They set themselves the mission of holding a five-minute conversation with each member, every two weeks. They felt that five-minute conversations were the least they should deliver for their monthly membership dues. Divided between the five staff, this was 300 members each.

Next, they worked out how this would impact their already busy days:

300 members x 5 minutes = 1,500 minutes or 25 hours every two weeks for each of the fitness staff.

So, 12 hours – or almost a third of each of the fitness teams’ time out of a 38-hour week – would be used up, in order to deliver just one aspect of what was felt to be an important element of the experience in the club. Still, they knew this was a valuable and honorable thing to do, so set about the task with their usual enthusiasm and commitment, agreeing to review their progress in three months’ time.

You can’t chat with people who aren’t there

Pretty soon, the team members discovered that they were each experiencing the same issues. Many five-minute conversations were being held with members, but it became clear that the same members were being seen over and over. These were committed exercisers who used the gym many times a week and had no issues with the facility. A couple even expressed a wish to be left alone to get on with their training.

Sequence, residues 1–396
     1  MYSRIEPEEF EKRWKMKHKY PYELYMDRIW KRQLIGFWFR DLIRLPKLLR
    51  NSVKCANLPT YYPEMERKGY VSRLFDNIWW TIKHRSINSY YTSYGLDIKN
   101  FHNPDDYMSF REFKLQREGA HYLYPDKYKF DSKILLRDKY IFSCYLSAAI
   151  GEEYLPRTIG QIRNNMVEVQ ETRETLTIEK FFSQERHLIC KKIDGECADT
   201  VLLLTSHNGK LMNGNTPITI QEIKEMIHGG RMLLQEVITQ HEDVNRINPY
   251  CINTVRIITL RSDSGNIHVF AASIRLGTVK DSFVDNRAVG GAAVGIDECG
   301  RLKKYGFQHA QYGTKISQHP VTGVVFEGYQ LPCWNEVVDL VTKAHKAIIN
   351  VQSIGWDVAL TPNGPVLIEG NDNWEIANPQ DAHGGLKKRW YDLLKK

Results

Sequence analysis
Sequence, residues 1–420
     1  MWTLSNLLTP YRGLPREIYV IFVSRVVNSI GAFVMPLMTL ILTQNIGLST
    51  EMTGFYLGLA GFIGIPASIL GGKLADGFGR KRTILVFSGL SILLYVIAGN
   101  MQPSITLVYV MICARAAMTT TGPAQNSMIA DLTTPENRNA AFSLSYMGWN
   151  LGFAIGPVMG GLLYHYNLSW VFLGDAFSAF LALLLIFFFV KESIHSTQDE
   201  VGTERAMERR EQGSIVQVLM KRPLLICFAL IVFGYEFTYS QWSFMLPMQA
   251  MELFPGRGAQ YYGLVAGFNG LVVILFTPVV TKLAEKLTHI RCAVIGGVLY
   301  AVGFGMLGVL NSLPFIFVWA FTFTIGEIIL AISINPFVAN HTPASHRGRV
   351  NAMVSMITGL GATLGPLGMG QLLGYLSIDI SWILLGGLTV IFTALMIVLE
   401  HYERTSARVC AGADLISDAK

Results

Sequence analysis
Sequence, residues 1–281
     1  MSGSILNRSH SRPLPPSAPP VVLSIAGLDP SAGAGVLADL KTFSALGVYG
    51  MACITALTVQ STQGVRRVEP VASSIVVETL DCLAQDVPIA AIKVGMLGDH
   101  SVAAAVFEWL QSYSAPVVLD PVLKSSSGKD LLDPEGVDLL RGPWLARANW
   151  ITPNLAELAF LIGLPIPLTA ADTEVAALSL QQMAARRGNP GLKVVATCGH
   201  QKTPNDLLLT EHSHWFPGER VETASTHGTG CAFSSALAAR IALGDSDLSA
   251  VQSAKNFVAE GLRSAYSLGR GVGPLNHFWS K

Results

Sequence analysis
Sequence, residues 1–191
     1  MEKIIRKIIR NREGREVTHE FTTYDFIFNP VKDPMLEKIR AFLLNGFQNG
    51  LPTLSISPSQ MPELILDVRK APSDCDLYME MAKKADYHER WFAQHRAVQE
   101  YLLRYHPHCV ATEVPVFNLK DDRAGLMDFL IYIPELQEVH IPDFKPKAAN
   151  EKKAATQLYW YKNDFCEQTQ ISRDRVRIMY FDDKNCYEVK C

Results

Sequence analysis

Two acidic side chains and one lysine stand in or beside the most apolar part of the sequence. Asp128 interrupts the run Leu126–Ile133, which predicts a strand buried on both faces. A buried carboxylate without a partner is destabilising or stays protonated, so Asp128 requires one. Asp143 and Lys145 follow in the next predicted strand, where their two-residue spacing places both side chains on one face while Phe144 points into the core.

Something was clearly wrong with the 5-minute plan. The staff were committing a third of their time to interacting personally with members, yet they were still seeing the same rate of cancellations as prior to the change of strategy.

At the next staff meeting, they went through all the members that had left in the previous several weeks, and it became apparent that they hadn’t been chatted with before cancelling their memberships. Why? The answer was clear, over 90% of the leavers had not been seen in the last six weeks and thus had not experienced the club’s personal interactions. After a little more digging, the data revealed that most leavers were those not experiencing the club’s high level of service for the simple reason that they had stopped visiting in the previous two to four months, and no one had noticed.

The cost of retention versus acquisition